File size discrepancy


#1

I run Debian as does DH. When I upload my files image files on both
machines are of the same size but html files on DH are always smaller
than those on mine e.g. 9717 bytes vs 9509 bytes.
Is there any explanation for this?
Regards.


#2

I just checked, my file sizes are all the same. The files on my Debian box at home, on my VPS and here at DH have the same size. Does this happen to files you’ve just uploaded? What if you download them to you local system? Do they still have the DH size?

Jan

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#3

Downloaded above file from DH but now my local file is down to 9509
bytes to match DH.

$diff dh-file.htm local-file.htm [outputs 418 lines]
$nl dh-file.htm [outputs 190 lines]
$nl local-file.htm [outputs 208 lines]

Very odd since both pages display correctly and are similar to each
other in the browser.

Regards.


#4

I’m sure you are aware of this problem with transfering text files but it begs the question what software are you using locally that is using CR+LF instead of just LF?

:cool: openvein.org -//-


#5

Thanks for the response.

I am aware of the CR/LF diff but I would never suspect Stallman of
coding emacs to output CR+LF! Don’t think it is possible to ‘flip’ an html file.

What’s interesting is that when I downloaded the dh-file.htm in the
morning it appeared to be different from local-file.htm and gave the
above differences but when I checked files several hours later (after
shutdown) both files appeared to be identical with ‘diff’ remaining
silent.

Than I downloaded dh-file.htm again and the problem repeats as above
with wc outputting following:

$wc dh-file.htm [208 875 9509]
$wc local-file.htm [208 875 9717]

I’m not sure if this is the right forum to raise this question but any
clues would be much appreciated.

Regards.


#6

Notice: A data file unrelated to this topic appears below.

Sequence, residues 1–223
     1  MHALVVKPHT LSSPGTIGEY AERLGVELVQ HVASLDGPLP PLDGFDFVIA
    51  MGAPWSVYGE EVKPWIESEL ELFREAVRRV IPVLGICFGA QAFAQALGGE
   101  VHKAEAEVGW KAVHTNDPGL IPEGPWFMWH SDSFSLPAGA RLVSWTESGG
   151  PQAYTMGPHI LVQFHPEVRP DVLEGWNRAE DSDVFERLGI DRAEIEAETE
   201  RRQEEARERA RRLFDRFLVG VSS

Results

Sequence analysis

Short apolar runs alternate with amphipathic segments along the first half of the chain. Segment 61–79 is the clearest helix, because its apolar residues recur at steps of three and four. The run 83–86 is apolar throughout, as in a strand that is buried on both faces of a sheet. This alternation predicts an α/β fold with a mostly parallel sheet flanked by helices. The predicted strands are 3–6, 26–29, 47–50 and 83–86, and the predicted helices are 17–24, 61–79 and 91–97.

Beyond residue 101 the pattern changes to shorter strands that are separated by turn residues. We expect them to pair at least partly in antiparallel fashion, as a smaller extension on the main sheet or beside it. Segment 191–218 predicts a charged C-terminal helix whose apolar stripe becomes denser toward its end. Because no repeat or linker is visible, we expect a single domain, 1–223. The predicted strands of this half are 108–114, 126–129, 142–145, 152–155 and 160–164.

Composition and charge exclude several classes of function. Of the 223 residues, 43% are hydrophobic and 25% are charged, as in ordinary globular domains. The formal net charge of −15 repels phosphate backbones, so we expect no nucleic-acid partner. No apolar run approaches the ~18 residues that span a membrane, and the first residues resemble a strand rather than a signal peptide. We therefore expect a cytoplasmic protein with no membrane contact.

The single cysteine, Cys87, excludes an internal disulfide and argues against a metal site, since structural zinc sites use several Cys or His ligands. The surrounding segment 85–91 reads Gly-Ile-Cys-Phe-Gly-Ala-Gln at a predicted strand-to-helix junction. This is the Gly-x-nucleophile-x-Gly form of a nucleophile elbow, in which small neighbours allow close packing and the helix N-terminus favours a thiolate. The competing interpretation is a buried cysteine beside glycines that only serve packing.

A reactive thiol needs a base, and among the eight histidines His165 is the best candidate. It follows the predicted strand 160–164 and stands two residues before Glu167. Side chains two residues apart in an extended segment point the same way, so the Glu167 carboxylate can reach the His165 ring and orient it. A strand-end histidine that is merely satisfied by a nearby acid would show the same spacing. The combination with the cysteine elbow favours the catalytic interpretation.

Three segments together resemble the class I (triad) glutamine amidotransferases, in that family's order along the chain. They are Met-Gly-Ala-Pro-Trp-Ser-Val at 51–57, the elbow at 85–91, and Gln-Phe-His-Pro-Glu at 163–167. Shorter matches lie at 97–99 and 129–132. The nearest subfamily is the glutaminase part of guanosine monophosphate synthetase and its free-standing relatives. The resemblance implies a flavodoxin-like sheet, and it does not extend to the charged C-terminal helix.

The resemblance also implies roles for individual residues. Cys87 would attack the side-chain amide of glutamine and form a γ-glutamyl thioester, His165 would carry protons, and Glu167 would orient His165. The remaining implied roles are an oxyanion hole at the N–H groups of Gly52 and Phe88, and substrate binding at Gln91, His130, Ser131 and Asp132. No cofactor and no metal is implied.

[quote]I am aware of the CR/LF diff but I would never suspect Stallman of
coding emacs to output CR LF! Don’t think it is possible to ‘flip’ an html file.

$wc dh-file.htm [208 875 9509]
$wc local-file.htm [208 875 9717][/quote]

[quote]I’m not sure if this is the right forum to raise this question but any
clues would be much appreciated.[/quote]
You asked for an explanation in the difference in file sizes for HTML files. I’ve pointed out that your copy is using CR LF and the DreamHost copy is using LF. The output above proves that (the line count is equal to the difference in byte count).

The .htm extension leads me to believe your files came from Windows computers somehow. You do realize that emacs has a DOS mode, where it will read files with CR LF and when saving them will write the CR LF back out, don’t you?

Regardless obviously on either machine you can use dos2unix and unix2dos to translate the line terminators as necessary and you need to check with your file transfer client because its obviously translating the line terminator during transfer ie (“ASCII” mode versus binary - which is why your image files don’t corrupted)

And if you still need an example that its due to CR LF then tar or zip your copy then upload it and untar or unzip and browse to it using http://web-sniffer.net/ with “Raw HTML view” checked and it will indicate non-printing characters such as CR and LF when present.

:cool: openvein.org -//-


#7

Atropos7, you have solved the problem! Thanks for persevering.
Following on background for anyone who has been following this.

  1. The .htm file extension is not significant since I use that to
    save ONE byte (some of us are tightwads).

  2. I have been using emacs to format my html files since well before
    release of etch so I could not understand why my files would be saved
    with CR+LF. But I was not aware that emacs would preserve this
    convention on newly created files.

  3. To save work I use a template originally created with Dreamweaver3
    on Win98 and simply do ^XW to get the new file. Now I understand that
    emacs simply preserves the original CR+LF in my template.

  4. When I open saved html files from other sources in emacs to get
    rid of the scripts the CR+LF show up as ^M - it is the absence of
    these on my own files that made me think I was in unix mode and not
    dos.

Thanks again for your help.